• Oh, Sally. Thank you so much. I am happy to help out the organization who has done so much for so many of us! And YOU do quite a bit yourself! 😉


    • Oh, Donna! I love your list format–very cool. It’s funny to see that we borrowed the same picture from the SCBWI site–but, then again, not too surprising as it is a great picture!

      SO glad that you have gotten as much friendship and richness from SCBWI as I have. I know that there are many, many more out there–just like us! People who don’t even have agents or editors yet that will move mountains with their words. It’s likely that SCBWI will be their compass as it has been mine.

      Thank you SO much, Donna, for taking the time to write and share your link!


  3. This is lovely, lovely, lovely. Thank you for this. I’m sitting in a coffee shop where earlier I met with an SCBWI friend. Iold her the two best decisions I made for myself in my early writing years were joining SCBWI and buying a laptop. Both decisions proved I was serious and ready to view myself as a professional. SCBWI was there to show me I wasn’t alone. xo


    • Thank you so much, Caroline! I’m so glad that you met with your SCBWI friend today–I’m seeing mine this weeek, too!

      I love my Class of 2k12 friends as well who also give me great gifts (besides support and advice)–their wonderful books–MAY B, LOVE AND LEFTOVERS, THE GATHERING STORM, and NEVER EIGHTEEN! And many more to come!


  4. SCBWI changed my life, too. I went from misfit to author and illustrator of books for kids. From unhappy to happy. From alone in my art to thousands of peers, acquaintances, friends and soul mates who share my deepest loves, fears and trials. Sure, I had a hand in the transformation, but SCBWI was the catalyst:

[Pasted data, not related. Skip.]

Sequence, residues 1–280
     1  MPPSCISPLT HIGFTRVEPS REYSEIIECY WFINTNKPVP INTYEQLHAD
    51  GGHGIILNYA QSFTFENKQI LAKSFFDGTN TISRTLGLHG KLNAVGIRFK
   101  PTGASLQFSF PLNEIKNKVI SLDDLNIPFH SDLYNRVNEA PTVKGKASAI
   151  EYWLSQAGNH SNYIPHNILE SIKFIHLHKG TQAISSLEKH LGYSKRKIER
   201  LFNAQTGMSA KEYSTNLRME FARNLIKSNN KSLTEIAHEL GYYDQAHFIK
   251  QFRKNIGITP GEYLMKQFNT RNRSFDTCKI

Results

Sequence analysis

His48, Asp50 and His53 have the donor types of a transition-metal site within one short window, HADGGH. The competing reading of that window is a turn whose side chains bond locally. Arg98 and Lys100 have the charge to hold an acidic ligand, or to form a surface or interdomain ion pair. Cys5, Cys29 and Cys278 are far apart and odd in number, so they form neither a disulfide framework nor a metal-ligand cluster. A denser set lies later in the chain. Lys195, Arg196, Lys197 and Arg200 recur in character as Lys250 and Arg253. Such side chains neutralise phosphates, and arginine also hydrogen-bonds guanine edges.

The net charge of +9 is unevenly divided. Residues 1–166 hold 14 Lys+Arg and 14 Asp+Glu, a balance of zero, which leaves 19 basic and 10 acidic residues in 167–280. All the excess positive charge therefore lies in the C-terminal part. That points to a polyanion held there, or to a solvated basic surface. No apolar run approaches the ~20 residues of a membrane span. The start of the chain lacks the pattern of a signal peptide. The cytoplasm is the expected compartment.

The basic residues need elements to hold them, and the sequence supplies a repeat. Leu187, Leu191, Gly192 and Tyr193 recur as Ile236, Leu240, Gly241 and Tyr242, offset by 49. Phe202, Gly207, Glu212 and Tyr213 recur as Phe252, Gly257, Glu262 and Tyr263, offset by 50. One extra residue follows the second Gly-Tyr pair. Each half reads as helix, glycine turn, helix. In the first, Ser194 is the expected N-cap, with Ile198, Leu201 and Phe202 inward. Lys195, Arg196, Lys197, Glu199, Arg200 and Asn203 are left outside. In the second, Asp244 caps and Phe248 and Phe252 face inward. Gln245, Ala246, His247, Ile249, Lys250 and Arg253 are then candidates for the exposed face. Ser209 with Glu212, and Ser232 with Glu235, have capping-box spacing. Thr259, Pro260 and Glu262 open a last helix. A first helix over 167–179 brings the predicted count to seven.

Because I joined the writer and illustrator groups on Yahoo, I joined SCBWI. Because I joined, I attended booksignings. Because I attended those, I met Tomie dePaola. He told me to go to the SCBWI-NYC conference in 2005, so I did. Came home with a sketchbook, put it all online — and from that I got a book idea and an agent. And amaaaazing agency mates, like you.
    And now I have a career I love, and a future.
    I ❤ SCBWI, always will.


    • Yes, Ruth~You and I had similar paths. WHen I look back on those early days, it stuns me how little I understood myself. How I was thirsty for somehting that I couldn’t quite label. One of those things was to find other people who are similar to me–creative types. 😉 I’ve found them in SCBWI, Classof2k12, Apocalypsies, AND EMLA! How I LOVE my agent sisters and brothers–what a blessing. And a turn of events I could never have imagined ten years ago… xoxo


  5. My first ever SCBWI event was in Munich–I was living in Italy and feeling so far from in-person writing communities. The conference was small and fabulous–Markus Zusak was the keynote, and I’ll never forget the feeling of inspiration as I walked out of that room.

    Congratulations on your new blog, Lynda!


    • Hey, Natalie!! Thanks so much for commenting! Wow–Markus Zusak! (Does his voice sound like the voice in THE BOOK THIEF? Man! That is a voice in a book that sticks with you!)